Royal Wedding Traditions Meghan Markle and Prince Harry Will Have to Follow

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It’s no secret that Meghan Markle and Prince Harry aren’t exactly the most traditional royal couple. From the many times that Meghan has broken royal beauty and fashion protocol (i.e., messy bun, mismatched earrings, pantyhose-less legs) to the couple’s nontraditional love itself (the importance of Meghan’s becoming the royal family’s first non-white member isn’t lost on many), Meghan and Harry were born to go against the grain.

MORE: 10 Royal Beauty and Fashion Traditions Meghan Markle Has Already Broken

Though we already know that Meghan and Harry will break a few royal wedding traditions (don’t expect fruitcake at their reception), there are many decades-old rules that we won’t know whether or not they adhere to until the two walk down the aisle. Find out the royal traditions that Meghan and Harry will have to follow ahead, and keep score on how many you see on May 19.

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Kate Middleton
No Cell Phones Will Be Allowed

Fans expecting to watch the royal wedding on Instagram live are out of luck. According to a seven-page attendees' guide obtained by the Daily Mail, royal wedding guests (looking at you, Priyanka Chopra and Victoria Beckham) will have to surrender their phones and cameras before wedding festivities begin. "All guests will be asked to surrender mobile telephones … and any devices used for image capture," the guide states. So much for selfies with the bride.

Photo: Getty Images
Royal Wedding
No Bathroom Breaks During the Ceremony

Wedding guests will need to hold their pee until after Meghan and Harry say I do. According to an attendees' guide obtained by the Daily Mail, restrooms will be closed off to guests once the wedding ceremony begins, leaving them only a couple hours to relieve themselves before the main event.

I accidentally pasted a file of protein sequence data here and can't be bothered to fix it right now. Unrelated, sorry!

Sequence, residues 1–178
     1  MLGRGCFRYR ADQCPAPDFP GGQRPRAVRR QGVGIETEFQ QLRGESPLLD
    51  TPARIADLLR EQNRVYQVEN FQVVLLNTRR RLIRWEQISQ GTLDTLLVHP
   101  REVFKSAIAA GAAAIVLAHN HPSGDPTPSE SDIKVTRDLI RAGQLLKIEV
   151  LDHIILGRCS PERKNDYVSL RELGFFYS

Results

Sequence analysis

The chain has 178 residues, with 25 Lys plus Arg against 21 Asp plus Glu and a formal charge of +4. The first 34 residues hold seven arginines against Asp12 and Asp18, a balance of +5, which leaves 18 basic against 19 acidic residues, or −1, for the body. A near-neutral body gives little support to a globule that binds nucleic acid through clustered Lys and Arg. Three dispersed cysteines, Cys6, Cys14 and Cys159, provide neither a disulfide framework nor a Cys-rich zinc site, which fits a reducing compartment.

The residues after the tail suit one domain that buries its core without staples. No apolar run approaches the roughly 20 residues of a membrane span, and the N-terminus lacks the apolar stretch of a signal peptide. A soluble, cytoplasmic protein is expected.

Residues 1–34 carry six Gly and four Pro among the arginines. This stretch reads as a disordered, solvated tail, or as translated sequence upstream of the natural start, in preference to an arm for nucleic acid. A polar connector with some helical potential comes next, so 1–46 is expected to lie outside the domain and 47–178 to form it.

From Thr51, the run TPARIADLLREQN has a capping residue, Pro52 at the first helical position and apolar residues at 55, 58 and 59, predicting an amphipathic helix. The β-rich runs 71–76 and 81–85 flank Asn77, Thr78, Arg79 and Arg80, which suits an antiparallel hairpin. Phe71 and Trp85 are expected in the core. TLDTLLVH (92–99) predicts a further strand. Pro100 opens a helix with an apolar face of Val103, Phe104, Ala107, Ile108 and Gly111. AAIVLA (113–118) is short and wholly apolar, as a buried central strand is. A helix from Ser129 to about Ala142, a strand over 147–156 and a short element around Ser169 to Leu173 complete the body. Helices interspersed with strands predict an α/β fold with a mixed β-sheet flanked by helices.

"Guests are advised that there are very limited toilet facilities in St George’s Chapel, but these are available for guests’ use between 9am and 11am at which point this facility will become restricted for the duration of the service," the guide states.

Photo: Getty Images
Royal Wedding Flowers
The Bride's Bouquet Must Include Myrtle

Though Harry and Meghan have revealed the flowers that they will use to decorate St George's chapel, Kensington Palace has remained tight-lipped on the flowers that Meghan will include in her bridal bouquet. Since Queen Victoria's wedding in 1840, each royal bride has carried a sprig of myrtle in her bouquet. Per tradition, the plant comes from Queen Victoria's 170-year-old garden, so this is a centuries-old tradition that Meghan will likely follow.

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Princess Diana
The Royal Couple Must Ride in a Horse-Drawn Carriage

For the past 100-something years, royal couples traveled to and from their wedding ceremony in a gilded open carriage named the 1902 State Landau. In the case of rain, royal couples traveled in a glass coach. Though there's a high chance that Meghan and Harry will take a ride in the horse-drawn vehicles, the tradition was recently broken by Prince William and Kate Middleton, who chose to roll up at Westminster Abbey in a repaired Rolls-Royce, instead of a carriage. Harry's parents, Princess Diana and Prince Charles, were the last couple to use the carriage for a royal wedding.